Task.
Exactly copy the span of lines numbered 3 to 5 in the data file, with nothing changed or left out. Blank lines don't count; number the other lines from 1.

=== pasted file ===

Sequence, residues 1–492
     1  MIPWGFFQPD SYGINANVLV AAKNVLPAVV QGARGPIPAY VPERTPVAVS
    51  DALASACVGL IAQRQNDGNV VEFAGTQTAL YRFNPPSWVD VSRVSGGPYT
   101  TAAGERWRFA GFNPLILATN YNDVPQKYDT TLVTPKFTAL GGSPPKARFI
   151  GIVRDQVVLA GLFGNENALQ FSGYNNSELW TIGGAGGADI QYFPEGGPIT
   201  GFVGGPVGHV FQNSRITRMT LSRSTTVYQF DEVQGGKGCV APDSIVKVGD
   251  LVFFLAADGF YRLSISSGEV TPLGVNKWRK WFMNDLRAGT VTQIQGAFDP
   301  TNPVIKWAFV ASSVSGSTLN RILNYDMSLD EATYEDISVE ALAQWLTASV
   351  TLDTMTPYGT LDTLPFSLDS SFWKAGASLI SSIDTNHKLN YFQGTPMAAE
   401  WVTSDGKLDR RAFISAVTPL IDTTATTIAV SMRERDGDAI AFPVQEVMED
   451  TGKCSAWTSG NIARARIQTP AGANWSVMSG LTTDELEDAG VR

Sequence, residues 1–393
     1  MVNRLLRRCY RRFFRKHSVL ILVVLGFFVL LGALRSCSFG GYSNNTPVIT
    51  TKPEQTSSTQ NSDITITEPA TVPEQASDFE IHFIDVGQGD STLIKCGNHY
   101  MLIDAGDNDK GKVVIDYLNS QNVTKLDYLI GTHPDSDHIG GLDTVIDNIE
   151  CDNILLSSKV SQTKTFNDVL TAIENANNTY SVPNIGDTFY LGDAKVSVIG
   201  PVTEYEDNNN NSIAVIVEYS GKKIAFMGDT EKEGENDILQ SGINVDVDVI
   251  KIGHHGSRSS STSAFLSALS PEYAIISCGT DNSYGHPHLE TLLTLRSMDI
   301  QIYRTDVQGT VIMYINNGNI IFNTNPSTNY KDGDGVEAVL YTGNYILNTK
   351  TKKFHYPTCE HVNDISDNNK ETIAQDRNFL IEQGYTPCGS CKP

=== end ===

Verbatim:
    51  DALASACVGL IAQRQNDGNV VEFAGTQTAL YRFNPPSWVD VSRVSGGPYT
   101  TAAGERWRFA GFNPLILATN YNDVPQKYDT TLVTPKFTAL GGSPPKARFI
   151  GIVRDQVVLA GLFGNENALQ FSGYNNSELW TIGGAGGADI QYFPEGGPIT